This week L.A. County leader Don Knabe noted that a vast majority of the area's child prostitution cases (84 percent) are happening in his Long Beach-South Bay supervisorial district.
He thinks the numbers are underreported, and he has asked the county probation department for a report. At the same time, the issue is coming to a head statewide.
A campaign kicked off this week to increase the consequences for those convicted of sex trafficking in California:
The Californians Against Sexual Exploitation (CASE) Act is proposed for the November ballot. Organizers need to collect about 800,000 valid signatures.
According to a statement, it would ...
... Increase penalties and fines for those who engage in human trafficking, provide new restrictions for those convicted of these crimes, and mandate new law enforcement training to ensure proper enforcement and sensitivity for victims across the justice system.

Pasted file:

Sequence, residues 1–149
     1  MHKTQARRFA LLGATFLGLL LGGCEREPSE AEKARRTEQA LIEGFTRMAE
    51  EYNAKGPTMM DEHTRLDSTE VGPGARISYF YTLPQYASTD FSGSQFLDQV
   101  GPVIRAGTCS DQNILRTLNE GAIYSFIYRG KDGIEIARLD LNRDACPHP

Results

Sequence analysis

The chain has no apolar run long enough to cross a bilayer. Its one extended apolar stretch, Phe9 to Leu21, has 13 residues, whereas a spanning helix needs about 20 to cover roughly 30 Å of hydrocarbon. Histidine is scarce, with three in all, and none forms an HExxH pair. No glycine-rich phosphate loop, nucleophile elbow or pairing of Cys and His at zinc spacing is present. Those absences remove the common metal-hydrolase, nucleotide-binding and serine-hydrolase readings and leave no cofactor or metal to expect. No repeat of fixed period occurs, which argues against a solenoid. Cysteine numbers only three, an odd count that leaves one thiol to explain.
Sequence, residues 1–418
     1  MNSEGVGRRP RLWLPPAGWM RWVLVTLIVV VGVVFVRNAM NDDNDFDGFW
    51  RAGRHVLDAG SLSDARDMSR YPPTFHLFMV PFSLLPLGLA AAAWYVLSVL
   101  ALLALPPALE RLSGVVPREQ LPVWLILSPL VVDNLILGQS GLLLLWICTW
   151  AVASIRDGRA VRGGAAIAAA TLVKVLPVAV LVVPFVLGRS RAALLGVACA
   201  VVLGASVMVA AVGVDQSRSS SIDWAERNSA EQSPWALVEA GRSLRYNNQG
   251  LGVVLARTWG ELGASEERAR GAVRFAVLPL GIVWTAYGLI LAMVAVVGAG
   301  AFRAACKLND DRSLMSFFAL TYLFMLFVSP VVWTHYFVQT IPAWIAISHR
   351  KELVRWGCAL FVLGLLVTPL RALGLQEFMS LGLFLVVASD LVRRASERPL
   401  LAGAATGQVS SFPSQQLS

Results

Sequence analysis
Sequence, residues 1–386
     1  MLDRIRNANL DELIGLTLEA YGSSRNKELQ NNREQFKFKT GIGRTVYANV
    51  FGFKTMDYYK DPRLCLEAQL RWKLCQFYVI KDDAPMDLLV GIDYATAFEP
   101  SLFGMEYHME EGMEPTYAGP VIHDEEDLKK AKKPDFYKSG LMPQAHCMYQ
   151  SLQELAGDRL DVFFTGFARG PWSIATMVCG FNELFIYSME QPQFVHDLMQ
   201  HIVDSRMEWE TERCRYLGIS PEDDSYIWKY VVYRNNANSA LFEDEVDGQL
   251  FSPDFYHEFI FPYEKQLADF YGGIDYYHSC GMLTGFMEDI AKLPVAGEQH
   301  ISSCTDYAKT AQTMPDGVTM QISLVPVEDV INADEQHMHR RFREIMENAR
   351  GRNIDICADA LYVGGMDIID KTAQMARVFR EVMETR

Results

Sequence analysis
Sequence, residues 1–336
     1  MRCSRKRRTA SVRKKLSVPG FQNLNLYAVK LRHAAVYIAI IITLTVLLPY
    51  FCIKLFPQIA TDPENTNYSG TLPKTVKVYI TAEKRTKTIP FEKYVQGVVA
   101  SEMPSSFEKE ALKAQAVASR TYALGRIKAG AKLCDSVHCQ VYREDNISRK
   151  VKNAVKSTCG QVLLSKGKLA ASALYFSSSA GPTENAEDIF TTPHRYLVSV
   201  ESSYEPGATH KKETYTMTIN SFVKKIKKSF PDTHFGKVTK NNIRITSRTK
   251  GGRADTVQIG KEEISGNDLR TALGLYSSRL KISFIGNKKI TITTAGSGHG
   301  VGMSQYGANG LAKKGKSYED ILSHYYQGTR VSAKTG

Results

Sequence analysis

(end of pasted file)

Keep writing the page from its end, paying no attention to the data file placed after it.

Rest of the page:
At least one report says it would the toughest "human trafficking" law in America.
Consequences include up to $1.5 million in fines for convicted sex traffickers, making traffickers register as sex offenders, and stopping prosecution of underage prostitution suspects.
We think these numbers are representative of a much larger number of girls forced into prostitution who have not yet been arrested, or are not being determined to be sexual victims in screenings when placed in either foster care of the juvenile justice system," said Knabe. "It's the biggest problem we have on this issue - we don't know what we don't know.
CASE advocate Leah Albright-Byrd, a former child prostitute herself, says:
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Imagine being 11 years old and having your body used and abused for the sake of someone else's monetary gain.
[Added: Of course, there's been some debate about the state of sex trafficking in America, and certainly there's been exaggeration].
This is the hot issue for 2012. Find out more here.